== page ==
During this time a lot has happened personally. I am no longer am a barista at The Drowsy Poet Coffee Company, I now work a full 40 hours a week at Creation Today, our launch team for our new church plant is into the double digits with a young family it he mix, and my wife is pregnant. Okay, that last part is not true.

It’s amazing how sensitive you become to the Holy Spirit when you begin to remove distractions from your life. I have noticed how much I “connect” myself to others via all these different platforms, yet in the process, tend to wane in the one “connection” that I truly can’t live without. My desire and longing for the Holy Spirit, and His ever-growing power in my life, has increased beyond any level than it has ever been before. I say that like there is a meter, or measuring stick that measures the depth of yearning. You can’t quantify it with any measuring tool, but it is something that is clearly either more or less; and interestingly enough, you only really notice when it is more. In English… The more we set time aside for communication with God, the more sensitive we become to the Holy Spirit; and the more sensitive we become to the Holy Spirit, the more we realize that we lived so long less sensitive to Him.

Not really sure why I just wrote that. This was not planned. Maybe that was for you? (I think that was a demonstration of what I was talking about… I honestly didn’t plan on blogging about this today…)

When a fire is burning in your belly, you know it. That fire has been fanned and I want more or God. That’s really what it comes down to, and not really sure where that is going to lead; but I’m excited to see what happens next.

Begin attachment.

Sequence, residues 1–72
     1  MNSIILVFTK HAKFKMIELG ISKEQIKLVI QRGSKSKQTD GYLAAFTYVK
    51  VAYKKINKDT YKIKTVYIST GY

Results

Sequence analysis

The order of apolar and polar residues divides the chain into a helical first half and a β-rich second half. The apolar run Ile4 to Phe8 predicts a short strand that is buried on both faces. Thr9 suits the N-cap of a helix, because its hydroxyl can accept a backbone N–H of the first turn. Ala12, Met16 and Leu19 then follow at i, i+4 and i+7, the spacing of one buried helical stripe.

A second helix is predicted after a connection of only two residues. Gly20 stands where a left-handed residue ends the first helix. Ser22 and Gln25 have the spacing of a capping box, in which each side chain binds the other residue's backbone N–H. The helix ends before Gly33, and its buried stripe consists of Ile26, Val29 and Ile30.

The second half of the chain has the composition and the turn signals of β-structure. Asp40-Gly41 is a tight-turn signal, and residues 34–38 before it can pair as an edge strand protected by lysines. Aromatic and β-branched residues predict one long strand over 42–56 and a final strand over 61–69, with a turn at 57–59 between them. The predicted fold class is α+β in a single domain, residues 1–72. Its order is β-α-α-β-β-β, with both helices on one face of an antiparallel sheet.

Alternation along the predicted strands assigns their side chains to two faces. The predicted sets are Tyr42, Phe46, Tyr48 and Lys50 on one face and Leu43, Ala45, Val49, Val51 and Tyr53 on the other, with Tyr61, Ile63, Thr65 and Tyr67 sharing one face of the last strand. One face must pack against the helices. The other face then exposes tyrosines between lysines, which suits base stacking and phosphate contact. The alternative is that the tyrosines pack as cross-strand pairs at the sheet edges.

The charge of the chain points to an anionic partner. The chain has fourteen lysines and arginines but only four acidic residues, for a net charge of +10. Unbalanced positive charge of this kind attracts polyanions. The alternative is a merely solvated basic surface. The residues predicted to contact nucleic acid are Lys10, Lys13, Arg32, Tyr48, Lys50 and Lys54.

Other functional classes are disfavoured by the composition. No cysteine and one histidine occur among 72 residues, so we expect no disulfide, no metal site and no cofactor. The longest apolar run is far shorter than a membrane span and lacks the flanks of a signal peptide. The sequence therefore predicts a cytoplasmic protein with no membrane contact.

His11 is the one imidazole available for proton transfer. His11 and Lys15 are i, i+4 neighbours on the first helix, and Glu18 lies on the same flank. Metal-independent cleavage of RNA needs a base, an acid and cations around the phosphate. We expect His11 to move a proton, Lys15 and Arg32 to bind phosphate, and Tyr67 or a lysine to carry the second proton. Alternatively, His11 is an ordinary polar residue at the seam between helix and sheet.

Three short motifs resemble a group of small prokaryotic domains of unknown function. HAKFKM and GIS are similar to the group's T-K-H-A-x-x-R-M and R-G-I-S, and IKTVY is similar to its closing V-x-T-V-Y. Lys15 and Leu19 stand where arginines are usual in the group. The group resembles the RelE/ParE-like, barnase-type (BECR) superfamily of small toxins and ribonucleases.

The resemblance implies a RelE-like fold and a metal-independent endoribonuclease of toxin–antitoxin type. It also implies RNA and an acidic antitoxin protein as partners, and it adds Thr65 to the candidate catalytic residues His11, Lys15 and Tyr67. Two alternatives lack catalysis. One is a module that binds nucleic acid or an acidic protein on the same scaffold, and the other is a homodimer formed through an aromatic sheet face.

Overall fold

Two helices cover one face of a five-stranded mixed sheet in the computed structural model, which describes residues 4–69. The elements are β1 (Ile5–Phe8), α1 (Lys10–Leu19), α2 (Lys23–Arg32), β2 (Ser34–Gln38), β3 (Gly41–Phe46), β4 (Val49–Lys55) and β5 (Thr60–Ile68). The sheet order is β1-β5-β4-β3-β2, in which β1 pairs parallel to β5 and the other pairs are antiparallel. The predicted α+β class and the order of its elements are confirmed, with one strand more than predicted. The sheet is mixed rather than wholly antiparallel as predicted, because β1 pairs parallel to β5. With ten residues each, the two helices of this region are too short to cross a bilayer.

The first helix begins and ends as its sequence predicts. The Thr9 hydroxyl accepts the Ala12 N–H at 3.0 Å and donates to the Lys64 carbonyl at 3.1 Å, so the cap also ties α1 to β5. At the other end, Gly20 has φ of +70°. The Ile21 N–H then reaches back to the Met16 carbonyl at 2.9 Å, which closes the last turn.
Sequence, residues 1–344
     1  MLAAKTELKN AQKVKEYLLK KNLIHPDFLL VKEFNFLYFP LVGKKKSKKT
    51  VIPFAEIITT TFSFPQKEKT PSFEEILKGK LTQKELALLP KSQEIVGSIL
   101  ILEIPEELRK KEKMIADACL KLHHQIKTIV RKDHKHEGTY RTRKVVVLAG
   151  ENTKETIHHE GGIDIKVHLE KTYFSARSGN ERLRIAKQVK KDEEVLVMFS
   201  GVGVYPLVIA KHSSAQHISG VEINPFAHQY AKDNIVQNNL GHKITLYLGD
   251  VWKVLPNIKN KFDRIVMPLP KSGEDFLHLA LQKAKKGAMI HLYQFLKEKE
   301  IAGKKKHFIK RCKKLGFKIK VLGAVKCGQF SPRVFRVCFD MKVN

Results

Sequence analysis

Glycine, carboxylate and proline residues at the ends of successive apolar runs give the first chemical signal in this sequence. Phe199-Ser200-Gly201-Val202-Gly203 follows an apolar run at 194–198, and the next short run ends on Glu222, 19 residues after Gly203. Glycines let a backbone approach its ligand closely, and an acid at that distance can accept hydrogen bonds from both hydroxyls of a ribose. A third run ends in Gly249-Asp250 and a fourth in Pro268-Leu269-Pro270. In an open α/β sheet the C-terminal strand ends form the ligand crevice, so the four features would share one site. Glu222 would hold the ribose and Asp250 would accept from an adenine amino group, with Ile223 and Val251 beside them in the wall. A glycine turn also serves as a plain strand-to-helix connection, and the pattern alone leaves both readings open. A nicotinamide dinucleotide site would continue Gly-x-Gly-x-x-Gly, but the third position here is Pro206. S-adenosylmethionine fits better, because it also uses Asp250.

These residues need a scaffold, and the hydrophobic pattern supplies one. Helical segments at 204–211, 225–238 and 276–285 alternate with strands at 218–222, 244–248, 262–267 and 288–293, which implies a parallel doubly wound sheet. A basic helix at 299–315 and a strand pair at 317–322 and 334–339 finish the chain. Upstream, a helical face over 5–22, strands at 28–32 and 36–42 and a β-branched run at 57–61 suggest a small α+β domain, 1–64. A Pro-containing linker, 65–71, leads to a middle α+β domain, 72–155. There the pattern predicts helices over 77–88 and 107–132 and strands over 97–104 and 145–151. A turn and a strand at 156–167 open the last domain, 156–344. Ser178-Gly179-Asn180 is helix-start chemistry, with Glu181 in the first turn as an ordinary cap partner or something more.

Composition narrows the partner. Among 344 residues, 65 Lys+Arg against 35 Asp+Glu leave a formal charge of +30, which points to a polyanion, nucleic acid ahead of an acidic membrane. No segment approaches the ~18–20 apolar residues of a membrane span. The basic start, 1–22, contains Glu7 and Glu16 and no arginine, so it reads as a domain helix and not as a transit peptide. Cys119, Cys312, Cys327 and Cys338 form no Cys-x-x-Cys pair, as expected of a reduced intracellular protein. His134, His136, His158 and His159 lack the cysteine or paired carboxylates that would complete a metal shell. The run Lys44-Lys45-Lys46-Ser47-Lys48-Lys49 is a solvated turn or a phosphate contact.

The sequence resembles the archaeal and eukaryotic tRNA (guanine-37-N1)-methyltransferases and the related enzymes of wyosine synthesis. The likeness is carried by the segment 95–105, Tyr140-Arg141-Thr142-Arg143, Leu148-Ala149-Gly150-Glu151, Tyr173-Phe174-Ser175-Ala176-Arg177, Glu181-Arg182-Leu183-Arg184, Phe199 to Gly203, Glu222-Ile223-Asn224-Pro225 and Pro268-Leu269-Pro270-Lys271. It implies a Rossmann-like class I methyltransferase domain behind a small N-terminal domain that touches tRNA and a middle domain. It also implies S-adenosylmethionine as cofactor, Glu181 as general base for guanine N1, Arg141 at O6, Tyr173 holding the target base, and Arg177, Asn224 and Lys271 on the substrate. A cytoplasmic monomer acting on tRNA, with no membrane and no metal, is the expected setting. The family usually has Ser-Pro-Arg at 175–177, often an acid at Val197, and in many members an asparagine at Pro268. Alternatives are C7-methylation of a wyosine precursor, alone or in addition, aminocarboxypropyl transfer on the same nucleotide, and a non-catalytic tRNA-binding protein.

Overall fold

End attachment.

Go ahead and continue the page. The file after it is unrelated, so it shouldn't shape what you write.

Living in anticipation


Being Stirred

There has been a stirring in my heart recently. I have been sensing the pursuit of the Holy Spirit as I have gone from day to day. I can’t necessarily explain it… but it is this anxious anticipation that He is doing something in me.

He has been cautioning me, though, at the same time. I know that if I don’t respond to this stirring, that it will go as easily as it came; and nothing will come of it. I don’t want that to be the case!

I found a book at a local used book store. It is the book Meat For Men by Leonard Ravenhill. As God has been leading me to praying more, I find it interesting that I found this book today – definitely not by accident! (And it was only $1.00!) In the forward, written by T. A. Hegre, the lyrics to an old hymn are written, following a passionate recommendation for men that want to be stirred to read the book. I will leave you hanging with those ancient words (and hope you will look forward to future posts regarding this stirring…):

Stir me, oh stir me, Lord, till prayer is pain,
Till prayer is joy, till prayer turns into praise;
Stir me till my heart and will and mind, yea all
Is wholly Thine to use through all the days.
Stir, till I learn to pray exceedingly;
Stir, till I learn to wait expectantly.

Being stirred (and wicked excited about it)!!!